“Imagine a Jeopardy quiz programme, Guyana style: the clue is: this police official doesn’t follow the news; is unfamiliar with the name of an accused murderer, even when he has approved a gun licence for him only the month before; signs an upgraded firearm licence for the man after he has committed murder because he doesn’t know he has committed murder; believes that taxi-drivers should qualify to carry 9mm weapons; doesn’t know which police officers have been assigned to investigate which murder cases; is too busy to question the system of issuing gun licences; did not investigate reports of phone records between the Minister and a man accused of murder because he is uncertain of their legality;… and cannot pay attention to all drive-by killings…As citizens of Guyana followed the extraordinary performance by former COP Floyd McDonald (ag) a single question must have crossed their collective minds: just who is in charge of the police force during his tenure, because it surely wasn’t him…”

CoP Felix came into office determined to rehabilitate the GPF and to eliminate rogue elements, such as the ‘black clothes’ squad elements, and has placed hundreds of officers and ranks on charges before the courts. His assumption of office brought an immediate end to the unrestrained political interference which characterized his predecessor’s reign.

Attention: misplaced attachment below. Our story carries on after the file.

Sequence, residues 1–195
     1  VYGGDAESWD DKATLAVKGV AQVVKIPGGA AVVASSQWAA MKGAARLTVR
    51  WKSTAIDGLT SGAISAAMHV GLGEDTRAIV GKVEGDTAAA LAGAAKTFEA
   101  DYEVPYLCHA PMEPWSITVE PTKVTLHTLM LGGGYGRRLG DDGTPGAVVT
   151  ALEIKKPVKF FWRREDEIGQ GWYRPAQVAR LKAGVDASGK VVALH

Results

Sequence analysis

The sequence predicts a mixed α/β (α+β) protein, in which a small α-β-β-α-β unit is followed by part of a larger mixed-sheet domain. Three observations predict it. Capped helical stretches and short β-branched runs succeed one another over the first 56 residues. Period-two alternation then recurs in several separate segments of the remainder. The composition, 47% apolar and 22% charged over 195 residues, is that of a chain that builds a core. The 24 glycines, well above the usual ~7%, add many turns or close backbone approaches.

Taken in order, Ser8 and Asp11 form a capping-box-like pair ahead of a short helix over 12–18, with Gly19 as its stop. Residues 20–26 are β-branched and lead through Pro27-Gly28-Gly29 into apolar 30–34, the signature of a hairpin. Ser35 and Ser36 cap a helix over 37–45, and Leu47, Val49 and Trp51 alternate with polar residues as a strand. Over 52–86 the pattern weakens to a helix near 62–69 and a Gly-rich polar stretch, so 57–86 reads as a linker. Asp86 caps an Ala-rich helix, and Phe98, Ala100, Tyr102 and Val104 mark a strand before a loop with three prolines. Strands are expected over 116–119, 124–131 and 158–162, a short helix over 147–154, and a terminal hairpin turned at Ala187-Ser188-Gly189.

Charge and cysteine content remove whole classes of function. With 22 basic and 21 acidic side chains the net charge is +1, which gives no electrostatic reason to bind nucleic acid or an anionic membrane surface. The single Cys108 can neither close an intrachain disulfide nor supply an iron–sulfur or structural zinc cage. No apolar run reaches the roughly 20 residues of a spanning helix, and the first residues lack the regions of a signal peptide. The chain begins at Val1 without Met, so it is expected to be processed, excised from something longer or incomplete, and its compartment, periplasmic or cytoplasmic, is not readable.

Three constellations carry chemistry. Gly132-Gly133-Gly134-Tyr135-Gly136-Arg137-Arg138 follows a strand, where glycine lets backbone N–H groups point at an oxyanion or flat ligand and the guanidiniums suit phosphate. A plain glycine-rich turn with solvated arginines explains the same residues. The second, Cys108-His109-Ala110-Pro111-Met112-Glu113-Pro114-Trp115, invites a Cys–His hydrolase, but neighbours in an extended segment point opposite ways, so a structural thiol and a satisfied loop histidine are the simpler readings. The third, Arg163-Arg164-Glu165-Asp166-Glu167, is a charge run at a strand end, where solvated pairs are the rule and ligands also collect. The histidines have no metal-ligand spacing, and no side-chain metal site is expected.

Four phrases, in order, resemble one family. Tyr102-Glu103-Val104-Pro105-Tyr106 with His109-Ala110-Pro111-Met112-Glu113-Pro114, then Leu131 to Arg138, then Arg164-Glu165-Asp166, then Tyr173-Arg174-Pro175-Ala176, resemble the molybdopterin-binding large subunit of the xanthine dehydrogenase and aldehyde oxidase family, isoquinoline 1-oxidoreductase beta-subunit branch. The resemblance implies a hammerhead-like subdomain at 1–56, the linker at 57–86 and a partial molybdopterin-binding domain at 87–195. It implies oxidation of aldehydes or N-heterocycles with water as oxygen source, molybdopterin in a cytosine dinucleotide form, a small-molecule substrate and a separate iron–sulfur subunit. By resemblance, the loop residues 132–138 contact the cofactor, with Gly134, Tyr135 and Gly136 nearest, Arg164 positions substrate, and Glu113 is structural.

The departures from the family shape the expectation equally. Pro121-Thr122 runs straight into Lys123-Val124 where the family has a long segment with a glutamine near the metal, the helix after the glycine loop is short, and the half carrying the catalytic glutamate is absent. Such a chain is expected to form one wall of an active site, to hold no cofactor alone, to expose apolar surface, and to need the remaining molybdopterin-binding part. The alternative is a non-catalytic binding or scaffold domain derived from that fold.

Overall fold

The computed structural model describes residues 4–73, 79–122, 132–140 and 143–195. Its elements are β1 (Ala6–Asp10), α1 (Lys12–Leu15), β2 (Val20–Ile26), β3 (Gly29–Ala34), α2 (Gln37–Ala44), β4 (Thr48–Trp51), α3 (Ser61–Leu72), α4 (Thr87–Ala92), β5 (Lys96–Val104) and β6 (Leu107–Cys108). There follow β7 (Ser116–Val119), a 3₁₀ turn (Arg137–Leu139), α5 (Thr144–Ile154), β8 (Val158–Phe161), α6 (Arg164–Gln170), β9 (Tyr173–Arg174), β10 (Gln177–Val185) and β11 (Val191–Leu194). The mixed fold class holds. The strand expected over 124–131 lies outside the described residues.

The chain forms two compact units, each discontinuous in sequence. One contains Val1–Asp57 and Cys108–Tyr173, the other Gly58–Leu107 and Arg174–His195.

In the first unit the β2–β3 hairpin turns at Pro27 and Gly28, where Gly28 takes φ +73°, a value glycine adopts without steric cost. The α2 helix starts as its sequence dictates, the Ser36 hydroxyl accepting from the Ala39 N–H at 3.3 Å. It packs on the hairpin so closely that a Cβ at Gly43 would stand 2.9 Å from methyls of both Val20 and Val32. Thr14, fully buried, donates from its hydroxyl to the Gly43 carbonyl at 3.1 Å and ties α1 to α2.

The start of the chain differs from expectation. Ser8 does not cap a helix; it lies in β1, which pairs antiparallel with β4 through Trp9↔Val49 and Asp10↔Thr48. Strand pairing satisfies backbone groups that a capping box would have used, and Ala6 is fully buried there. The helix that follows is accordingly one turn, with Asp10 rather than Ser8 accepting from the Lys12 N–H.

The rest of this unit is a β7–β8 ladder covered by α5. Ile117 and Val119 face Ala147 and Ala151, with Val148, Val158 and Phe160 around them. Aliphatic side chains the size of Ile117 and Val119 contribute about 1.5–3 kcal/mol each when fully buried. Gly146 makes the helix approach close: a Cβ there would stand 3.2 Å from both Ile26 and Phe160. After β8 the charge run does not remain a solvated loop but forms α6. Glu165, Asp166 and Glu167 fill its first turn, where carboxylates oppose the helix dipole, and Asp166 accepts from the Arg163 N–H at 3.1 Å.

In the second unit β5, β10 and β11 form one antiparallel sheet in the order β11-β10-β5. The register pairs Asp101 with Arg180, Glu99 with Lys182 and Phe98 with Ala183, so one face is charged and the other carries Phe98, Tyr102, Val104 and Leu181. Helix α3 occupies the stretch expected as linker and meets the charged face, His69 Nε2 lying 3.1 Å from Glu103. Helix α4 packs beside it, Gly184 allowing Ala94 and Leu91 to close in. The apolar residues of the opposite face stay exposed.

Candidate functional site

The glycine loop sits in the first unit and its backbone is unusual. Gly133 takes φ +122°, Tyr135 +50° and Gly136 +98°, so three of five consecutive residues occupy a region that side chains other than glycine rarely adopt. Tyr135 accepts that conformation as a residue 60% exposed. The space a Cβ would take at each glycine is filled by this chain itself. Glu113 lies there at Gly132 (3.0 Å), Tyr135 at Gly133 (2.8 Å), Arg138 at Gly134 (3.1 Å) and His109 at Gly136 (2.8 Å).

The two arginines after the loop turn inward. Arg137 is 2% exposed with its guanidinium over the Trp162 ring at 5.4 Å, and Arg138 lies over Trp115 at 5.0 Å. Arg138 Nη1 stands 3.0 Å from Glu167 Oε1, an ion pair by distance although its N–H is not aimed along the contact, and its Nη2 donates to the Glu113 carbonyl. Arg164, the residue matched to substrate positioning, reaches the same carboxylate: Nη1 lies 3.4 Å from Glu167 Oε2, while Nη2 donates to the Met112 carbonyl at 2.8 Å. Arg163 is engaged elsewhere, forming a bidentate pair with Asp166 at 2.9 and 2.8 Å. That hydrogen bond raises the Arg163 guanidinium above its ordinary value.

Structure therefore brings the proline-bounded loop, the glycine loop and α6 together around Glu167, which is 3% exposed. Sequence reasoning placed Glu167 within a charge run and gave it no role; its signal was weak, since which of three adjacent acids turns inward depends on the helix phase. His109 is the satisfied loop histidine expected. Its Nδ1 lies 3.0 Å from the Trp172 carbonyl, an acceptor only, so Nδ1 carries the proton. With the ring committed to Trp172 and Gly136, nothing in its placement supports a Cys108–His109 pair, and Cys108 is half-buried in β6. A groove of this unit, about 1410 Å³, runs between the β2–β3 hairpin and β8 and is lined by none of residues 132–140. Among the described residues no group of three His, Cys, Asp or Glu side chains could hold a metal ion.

The government media has pursued a campaign to undermine CoP Felix, claimed widespread loss of public confidence, publicized calls for his resignation by the Private Sector Commission, highlighted the exact date of the end of his term in office and even suggested he may go before that date because of accumulated leave.

Roger Khan claimed in a full-page ad on May 12, 2006 that “During the crime spree in 2002, I worked closely with the crime-fighting section of the Guyana Police Force and provided them with assistance and information at my own expense. My participation was instrumental in curbing crime during this period.”

To date the government has shown no interest in investigating these claims. The period Khan refers to was one in which the bodies of many young men, mainly Afro-Guyanese, were found dead.

This taste of ‘phantom’ justice illustrated what is to be expected when the rule of law is set aside for vigilante justice. This approach to crime-fighting eventually forced the resignation of the Minister of Home Affairs. It is logical that were it to be prolonged it could consume the government itself.